5 Ways to Control Cholesterol
For some people, high cholesterol is genetic. Your age and gender may also play a role. Although these are things you can't control, there are other factors you can change. Learning how to manage your cholesterol can help prevent a heart attack or stroke.
Here are five ways you can help keep your cholesterol in check:
1. Eat a Heart-Healthy Diet
Eating the right foods is key to managing your cholesterol levels. A heart-healthy diet includes a variety of fruits and vegetables. You should also eat whole grains, nuts, fish, and poultry as well as low-fat dairy products. Portion size is also important. At mealtime, fruits and vegetables should take up half your plate.
Each day you should consume:
- 1½ to 2 cups of fruit
- 2½ to 3 cups of vegetables
- 6 to 8 ounces of whole grains like brown rice or whole-grain bread
- About 3 cups of low-fat or fat-free dairy products like yogurt or skim milk
- 5½ to 6 ounces of lean protein like skinless chicken, fish, tofu, beans, nuts, or seeds
2. Know the Difference Between "Good" and "Bad" Fats
Fat should make up 25 to 35% of your total daily calories. However, not all fat is the same. There are four different types:
- Monounsaturated fats
- Polyunsaturated fats
- Saturated fats
- Trans fats
Saturated and trans fats are usually more solid at room temperature, like butter. On the other hand, monounsaturated and polyunsaturated fats are more liquid like olive oil. Saturated fats come from animal products like whole milk and fatty cuts of meat. They are also in some plant foods, such as coconut oil and palm oil. These fats are more likely to raise your "bad" cholesterol level. That's low-density lipoprotein (LDL) cholesterol.
Trans fats are made by adding hydrogen to liquid vegetable oil. A lot of processed snack foods have trans fats. Trans fats raise your LDL and lower your high-density lipoprotein (HDL) cholesterol, which is the “good” kind of cholesterol your body needs.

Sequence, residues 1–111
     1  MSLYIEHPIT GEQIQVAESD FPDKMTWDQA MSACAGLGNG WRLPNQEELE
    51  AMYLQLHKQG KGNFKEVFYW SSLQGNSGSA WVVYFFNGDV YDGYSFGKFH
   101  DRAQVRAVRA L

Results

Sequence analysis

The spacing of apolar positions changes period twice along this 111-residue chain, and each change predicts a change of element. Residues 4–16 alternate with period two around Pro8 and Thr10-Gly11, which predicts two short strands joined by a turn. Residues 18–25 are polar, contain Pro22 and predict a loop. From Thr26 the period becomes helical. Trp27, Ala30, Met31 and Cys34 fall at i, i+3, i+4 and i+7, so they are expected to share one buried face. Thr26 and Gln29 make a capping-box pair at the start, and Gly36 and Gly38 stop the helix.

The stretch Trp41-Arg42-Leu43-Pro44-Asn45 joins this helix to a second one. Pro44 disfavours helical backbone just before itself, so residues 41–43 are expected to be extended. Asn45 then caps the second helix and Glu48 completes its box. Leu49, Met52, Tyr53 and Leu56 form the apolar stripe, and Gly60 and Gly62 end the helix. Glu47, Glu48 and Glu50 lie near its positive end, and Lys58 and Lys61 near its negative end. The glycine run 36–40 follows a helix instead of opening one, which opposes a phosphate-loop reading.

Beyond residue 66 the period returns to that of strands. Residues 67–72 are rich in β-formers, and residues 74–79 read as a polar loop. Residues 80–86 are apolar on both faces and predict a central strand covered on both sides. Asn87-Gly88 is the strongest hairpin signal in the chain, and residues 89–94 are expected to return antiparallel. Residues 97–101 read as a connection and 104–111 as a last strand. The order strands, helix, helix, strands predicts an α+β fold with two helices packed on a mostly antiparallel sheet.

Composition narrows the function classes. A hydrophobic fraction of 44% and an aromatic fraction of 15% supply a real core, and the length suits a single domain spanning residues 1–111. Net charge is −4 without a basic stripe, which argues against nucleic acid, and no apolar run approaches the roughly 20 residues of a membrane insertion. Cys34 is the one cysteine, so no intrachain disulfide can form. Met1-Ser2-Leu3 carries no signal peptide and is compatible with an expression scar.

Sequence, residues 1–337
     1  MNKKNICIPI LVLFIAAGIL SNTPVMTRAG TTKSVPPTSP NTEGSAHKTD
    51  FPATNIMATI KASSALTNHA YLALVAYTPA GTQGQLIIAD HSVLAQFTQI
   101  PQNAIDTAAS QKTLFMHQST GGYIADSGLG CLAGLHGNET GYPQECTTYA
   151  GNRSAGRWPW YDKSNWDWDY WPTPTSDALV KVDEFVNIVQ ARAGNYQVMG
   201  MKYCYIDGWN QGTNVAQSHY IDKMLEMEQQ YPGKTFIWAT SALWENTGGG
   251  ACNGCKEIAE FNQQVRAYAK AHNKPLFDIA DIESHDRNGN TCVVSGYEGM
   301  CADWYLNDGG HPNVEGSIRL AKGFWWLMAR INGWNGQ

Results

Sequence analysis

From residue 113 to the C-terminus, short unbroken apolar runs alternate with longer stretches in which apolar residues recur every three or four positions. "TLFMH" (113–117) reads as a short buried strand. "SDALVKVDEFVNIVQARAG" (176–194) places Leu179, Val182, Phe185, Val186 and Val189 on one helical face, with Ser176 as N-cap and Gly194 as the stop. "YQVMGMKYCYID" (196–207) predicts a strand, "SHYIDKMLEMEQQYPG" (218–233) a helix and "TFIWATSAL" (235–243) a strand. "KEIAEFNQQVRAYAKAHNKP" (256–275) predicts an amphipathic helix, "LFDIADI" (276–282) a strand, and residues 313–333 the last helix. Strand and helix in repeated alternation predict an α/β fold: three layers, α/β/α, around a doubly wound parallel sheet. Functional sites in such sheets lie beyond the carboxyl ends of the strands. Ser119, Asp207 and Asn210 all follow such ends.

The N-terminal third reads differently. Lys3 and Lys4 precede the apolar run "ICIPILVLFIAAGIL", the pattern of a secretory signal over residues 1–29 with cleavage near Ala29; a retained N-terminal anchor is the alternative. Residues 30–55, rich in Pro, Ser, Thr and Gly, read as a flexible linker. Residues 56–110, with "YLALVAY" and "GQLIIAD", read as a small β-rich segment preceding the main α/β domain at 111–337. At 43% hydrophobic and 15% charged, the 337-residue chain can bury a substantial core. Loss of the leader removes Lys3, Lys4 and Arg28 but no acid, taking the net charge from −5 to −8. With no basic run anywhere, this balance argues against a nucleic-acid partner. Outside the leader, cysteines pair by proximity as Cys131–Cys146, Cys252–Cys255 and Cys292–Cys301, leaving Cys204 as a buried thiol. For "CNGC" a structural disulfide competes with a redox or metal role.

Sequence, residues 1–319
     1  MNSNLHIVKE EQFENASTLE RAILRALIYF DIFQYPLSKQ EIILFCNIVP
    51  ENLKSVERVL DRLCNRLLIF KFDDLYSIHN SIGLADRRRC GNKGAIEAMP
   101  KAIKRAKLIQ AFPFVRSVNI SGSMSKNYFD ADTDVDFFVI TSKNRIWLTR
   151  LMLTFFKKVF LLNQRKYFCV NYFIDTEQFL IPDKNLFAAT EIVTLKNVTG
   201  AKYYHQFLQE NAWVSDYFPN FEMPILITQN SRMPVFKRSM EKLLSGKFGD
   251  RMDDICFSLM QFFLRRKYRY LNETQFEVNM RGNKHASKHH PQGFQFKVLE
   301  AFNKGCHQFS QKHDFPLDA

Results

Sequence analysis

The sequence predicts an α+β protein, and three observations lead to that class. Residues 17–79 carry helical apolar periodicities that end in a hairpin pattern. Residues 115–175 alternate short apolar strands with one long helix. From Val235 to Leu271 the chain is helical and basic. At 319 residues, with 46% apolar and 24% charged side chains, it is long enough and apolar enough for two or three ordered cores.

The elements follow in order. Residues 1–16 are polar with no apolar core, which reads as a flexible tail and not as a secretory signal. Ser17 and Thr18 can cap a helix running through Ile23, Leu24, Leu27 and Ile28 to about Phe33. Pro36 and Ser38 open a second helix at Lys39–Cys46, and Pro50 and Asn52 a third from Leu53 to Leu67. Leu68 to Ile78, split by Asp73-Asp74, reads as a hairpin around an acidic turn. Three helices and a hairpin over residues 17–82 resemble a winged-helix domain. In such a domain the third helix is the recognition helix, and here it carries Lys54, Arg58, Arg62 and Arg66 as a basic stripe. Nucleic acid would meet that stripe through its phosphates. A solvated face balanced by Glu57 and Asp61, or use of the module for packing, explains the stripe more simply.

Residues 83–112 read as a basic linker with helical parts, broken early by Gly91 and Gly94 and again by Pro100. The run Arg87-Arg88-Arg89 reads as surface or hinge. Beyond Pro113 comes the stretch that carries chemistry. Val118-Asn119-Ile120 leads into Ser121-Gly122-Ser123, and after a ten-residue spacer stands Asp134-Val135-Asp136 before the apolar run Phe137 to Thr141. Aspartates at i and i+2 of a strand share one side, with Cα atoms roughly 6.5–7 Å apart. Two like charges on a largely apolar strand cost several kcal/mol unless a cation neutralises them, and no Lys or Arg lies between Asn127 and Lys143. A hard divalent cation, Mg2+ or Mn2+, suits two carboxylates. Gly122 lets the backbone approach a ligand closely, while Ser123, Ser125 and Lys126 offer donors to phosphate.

Both saturated and trans fats increase your risk of heart disease. Your saturated fat intake should be less than 7% of your total daily calories. You should avoid trans fats entirely.
Unsaturated fat has a positive effect on your cholesterol. Unsaturated fats like omega-3s and 6s are in many delicious foods, such as salmon, walnuts and avocados. Unsaturated fats can help raise your HDL. They can reduce your risk of heart disease. These healthy fats carry artery-clogging cholesterol away from your heart to your liver. From there it's removed from the body.
3. Maintain a Healthy Weight
Being overweight can raise your LDL and lower your HDL. Losing extra pounds can have the opposite effect. Triglycerides are another type of fat in your blood. They, too, can increase your risk of heart disease. As with LDL, losing weight can reduce your triglyceride levels and protect your heart health.
Physical activity is also important for managing cholesterol. You should get at least 30 minutes of moderate- to high-intensity exercise five days a week. Research shows that the higher the intensity, the greater the benefit. This can help raise your HDL and reduce your risk of heart disease. Exercise also helps you maintain a healthy weight.
5. Quit Smoking
Not smoking and avoiding exposure to secondhand smoke is very important for the health of your heart. Smoking is a leading cause of heart disease. It can raise your triglycerides and lower your HDL. Smoking can also damage your blood vessels and lead to the formation of clots, which can block blood flow to your heart.
Medical Reviewers: William C. Lloyd III Last Review Date: 2018 Sep 26
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